Friday, November 11, 2005

Torture: John Cole talks about torture today, specifically Israeli success going the other, being nice to detainess rathe than torturing them. Seems to work pretty well, John sums up this way:
As I said before, you don’t even have to care that torture runs counter to
international law and degrades any country that uses it. It also simply doesn’t
work. When it mostly yields useless information and has the pleasant side-effect
of hardening civilians against us to the point of creating warm and cozy local
environment for insurgents, it’s hard to imagine a good argument in
Pretty much the only way left to defend this administration’s bizarre
record on torture is to claim that they don’t do it. Good luck with that.

Quite some time ago I linked to this article in The Atlantic on torture and interrogation. It looks pretty deep into the success and failure of torture, of various degrees, and draws some pretty interesting, if not nice, conclusions. It's only available to subscribers, so here's the bit I excerpted then:
The Bush Administration has adopted exactly the right posture on the matter.
Candor and consistency are not always public virtues. Torture is a crime against
humanity, but coercion is an issue that is rightly handled with a wink, or even
a touch of hypocrisy; it should be banned but also quietly practiced. Those who
protest coercive methods will exaggerate their horrors, which is good: it
generates a useful climate of fear. It is wise of the President to reiterate
U.S. support for international agreements banning torture, and it is wise for
American interrogators to employ whatever coercive methods work. It is also
smart not to discuss the matter with anyone.

I don't know if my agreement with that has changed over the last two years or not. I believe there are circumstances, when time is not on the interviewers side for instance, when the rules should be more lax than others. Outright torture? Why not? Iif Mohammed knows the secret code to defuse the bomb that goes off in ten minutes, and I know he's prepared to die without giving up the goods, I'll employ petty much whatever tactics I can think of to make him spill it. Psychological, physical, sexual whatever. Strip him naked and put him in a room with a horny Roseanne and a rabid pit bull if it will work. Does this bring us down to their level, do the terrorists win? Maybe, but it won't be much of a victory party.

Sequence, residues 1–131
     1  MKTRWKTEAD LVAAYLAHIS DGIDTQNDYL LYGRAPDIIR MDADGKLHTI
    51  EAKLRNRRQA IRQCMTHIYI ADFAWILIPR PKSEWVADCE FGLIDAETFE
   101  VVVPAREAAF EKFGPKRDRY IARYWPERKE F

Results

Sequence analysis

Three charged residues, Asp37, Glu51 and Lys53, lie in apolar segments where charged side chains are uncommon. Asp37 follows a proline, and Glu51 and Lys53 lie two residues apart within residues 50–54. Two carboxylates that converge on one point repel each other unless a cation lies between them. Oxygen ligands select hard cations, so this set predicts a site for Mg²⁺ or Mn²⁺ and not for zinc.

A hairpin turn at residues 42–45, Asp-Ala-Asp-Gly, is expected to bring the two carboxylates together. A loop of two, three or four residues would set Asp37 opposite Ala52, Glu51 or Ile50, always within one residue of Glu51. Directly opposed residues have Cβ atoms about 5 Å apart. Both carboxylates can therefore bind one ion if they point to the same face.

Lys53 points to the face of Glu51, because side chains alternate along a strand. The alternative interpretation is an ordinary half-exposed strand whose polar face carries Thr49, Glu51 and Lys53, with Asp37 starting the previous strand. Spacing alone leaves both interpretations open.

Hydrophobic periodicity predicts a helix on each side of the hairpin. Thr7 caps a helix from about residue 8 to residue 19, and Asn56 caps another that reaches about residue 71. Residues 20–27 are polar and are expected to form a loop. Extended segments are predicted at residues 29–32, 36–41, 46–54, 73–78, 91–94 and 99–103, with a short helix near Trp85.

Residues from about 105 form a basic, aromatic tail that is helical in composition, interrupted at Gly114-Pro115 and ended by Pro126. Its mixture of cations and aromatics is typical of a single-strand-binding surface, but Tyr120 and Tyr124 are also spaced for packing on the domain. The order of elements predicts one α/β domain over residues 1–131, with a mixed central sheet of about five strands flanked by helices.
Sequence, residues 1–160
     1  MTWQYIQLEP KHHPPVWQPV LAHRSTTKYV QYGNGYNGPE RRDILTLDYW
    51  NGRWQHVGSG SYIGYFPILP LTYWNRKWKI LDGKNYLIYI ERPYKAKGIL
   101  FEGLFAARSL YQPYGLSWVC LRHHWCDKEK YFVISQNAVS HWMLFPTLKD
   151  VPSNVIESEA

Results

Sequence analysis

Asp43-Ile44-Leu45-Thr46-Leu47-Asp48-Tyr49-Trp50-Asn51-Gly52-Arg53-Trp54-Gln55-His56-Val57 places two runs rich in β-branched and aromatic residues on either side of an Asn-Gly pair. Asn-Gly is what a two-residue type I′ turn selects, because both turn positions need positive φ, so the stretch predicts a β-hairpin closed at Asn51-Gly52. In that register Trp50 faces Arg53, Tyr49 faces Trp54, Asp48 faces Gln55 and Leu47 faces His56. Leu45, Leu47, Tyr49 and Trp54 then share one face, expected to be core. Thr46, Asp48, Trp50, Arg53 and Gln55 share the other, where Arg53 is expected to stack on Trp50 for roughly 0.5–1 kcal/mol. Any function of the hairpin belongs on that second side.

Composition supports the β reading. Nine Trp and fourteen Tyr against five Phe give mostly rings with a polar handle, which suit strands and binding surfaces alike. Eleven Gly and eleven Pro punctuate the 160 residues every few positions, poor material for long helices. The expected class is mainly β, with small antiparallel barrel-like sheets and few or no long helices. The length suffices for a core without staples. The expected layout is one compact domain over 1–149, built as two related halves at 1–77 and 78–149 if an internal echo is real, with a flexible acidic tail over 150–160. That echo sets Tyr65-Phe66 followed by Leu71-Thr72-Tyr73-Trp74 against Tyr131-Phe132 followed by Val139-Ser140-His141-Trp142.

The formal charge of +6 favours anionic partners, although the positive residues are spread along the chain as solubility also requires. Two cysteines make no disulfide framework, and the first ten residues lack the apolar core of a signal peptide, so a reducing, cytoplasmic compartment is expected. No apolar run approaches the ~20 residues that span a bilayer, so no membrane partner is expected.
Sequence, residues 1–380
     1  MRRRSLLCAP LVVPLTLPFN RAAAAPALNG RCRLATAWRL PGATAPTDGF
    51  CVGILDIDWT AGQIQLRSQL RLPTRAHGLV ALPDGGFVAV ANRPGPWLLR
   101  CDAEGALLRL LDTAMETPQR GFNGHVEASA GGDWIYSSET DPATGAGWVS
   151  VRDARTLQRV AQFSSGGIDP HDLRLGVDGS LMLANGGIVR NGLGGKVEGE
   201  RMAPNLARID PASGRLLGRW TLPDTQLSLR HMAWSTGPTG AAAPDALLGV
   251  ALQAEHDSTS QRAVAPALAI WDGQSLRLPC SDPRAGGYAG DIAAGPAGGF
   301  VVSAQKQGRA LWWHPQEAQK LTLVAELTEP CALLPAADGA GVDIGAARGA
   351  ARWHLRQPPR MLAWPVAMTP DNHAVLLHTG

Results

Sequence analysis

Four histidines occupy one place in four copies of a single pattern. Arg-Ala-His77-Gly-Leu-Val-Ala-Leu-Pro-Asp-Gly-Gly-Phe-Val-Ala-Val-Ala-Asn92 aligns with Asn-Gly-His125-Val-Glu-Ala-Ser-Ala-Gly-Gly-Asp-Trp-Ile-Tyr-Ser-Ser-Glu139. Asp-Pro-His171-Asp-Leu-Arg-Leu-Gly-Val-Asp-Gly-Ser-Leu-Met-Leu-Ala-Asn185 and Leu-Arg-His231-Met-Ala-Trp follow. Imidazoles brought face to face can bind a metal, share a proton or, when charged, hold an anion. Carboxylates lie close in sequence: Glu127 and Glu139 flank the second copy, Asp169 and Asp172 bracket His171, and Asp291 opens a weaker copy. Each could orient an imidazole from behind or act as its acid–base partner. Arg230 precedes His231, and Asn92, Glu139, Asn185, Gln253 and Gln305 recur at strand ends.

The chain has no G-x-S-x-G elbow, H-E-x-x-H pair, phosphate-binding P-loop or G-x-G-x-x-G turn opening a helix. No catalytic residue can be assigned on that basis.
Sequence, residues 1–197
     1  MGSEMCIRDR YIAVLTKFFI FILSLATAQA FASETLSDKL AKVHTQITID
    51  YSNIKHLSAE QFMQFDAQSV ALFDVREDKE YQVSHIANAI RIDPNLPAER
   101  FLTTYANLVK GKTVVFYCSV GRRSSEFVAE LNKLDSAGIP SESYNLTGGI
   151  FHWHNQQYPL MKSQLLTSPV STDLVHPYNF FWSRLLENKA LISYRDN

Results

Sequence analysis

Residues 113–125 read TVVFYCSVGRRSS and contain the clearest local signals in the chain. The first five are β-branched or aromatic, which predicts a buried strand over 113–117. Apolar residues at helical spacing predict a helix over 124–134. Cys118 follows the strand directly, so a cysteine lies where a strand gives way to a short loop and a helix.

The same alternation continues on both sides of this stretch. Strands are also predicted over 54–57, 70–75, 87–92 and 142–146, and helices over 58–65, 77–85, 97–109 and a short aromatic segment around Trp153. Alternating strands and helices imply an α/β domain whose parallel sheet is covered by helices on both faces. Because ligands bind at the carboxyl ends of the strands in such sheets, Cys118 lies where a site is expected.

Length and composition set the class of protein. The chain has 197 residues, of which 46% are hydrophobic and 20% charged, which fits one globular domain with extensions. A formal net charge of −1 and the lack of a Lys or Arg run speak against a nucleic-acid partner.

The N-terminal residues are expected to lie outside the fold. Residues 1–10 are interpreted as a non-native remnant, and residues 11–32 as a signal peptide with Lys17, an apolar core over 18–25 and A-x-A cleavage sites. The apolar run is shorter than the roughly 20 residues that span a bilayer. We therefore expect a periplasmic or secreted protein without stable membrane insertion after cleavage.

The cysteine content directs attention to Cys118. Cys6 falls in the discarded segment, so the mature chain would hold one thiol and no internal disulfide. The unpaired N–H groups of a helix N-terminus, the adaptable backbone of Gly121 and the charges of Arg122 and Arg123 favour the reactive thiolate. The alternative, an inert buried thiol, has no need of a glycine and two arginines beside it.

I don't doubt that under less extreme circumstances better results can be gotten by more subtle means, including gaining the detainee's trust, making friends, showing him not all Jews, or whatever, are evil, etc. All good ideas and we should explore how to use those methods ahead of time so we're not faced with the cliched and sensationalized, but still worthy of consideration, example I give above. Better intelligence ahead of time, yada yada.

Most of the time circumstances won't be either desparate and extreme or "no big rush." In those cases, I think Bowden's distinction between torture and coercion is important and the drawing of that line is open to debate, and there are important reasons to not err too far to either side. But simply seeing a little more of one side or the other doesn't make soemone evil or naive.

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